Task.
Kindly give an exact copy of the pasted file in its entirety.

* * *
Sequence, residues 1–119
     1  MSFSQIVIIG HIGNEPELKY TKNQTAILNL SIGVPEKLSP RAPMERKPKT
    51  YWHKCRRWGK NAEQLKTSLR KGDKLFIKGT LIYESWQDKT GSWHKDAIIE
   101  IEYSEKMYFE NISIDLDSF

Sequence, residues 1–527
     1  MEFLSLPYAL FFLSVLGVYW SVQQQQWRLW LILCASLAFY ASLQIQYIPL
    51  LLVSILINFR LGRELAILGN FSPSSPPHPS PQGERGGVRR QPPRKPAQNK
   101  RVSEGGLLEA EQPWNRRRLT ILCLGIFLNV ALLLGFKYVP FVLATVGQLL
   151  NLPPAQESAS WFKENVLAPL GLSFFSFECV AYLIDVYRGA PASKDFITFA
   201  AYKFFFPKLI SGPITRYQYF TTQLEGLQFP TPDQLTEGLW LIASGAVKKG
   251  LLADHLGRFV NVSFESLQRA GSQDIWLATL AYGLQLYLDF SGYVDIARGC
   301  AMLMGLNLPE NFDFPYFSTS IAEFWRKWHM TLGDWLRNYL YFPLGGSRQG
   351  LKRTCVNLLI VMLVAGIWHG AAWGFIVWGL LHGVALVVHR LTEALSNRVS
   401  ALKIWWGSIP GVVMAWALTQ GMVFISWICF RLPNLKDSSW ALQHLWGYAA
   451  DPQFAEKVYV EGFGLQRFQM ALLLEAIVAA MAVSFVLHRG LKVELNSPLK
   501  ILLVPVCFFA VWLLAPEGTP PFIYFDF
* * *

Sequence, residues 1–119
     1  MSFSQIVIIG HIGNEPELKY TKNQTAILNL SIGVPEKLSP RAPMERKPKT
    51  YWHKCRRWGK NAEQLKTSLR KGDKLFIKGT LIYESWQDKT GSWHKDAIIE
   101  IEYSEKMYFE NISIDLDSF

Sequence, residues 1–527
     1  MEFLSLPYAL FFLSVLGVYW SVQQQQWRLW LILCASLAFY ASLQIQYIPL
    51  LLVSILINFR LGRELAILGN FSPSSPPHPS PQGERGGVRR QPPRKPAQNK
   101  RVSEGGLLEA EQPWNRRRLT ILCLGIFLNV ALLLGFKYVP FVLATVGQLL
   151  NLPPAQESAS WFKENVLAPL GLSFFSFECV AYLIDVYRGA PASKDFITFA
   201  AYKFFFPKLI SGPITRYQYF TTQLEGLQFP TPDQLTEGLW LIASGAVKKG
   251  LLADHLGRFV NVSFESLQRA GSQDIWLATL AYGLQLYLDF SGYVDIARGC
   301  AMLMGLNLPE NFDFPYFSTS IAEFWRKWHM TLGDWLRNYL YFPLGGSRQG
   351  LKRTCVNLLI VMLVAGIWHG AAWGFIVWGL LHGVALVVHR LTEALSNRVS
   401  ALKIWWGSIP GVVMAWALTQ GMVFISWICF RLPNLKDSSW ALQHLWGYAA
   451  DPQFAEKVYV EGFGLQRFQM ALLLEAIVAA MAVSFVLHRG LKVELNSPLK
   501  ILLVPVCFFA VWLLAPEGTP PFIYFDF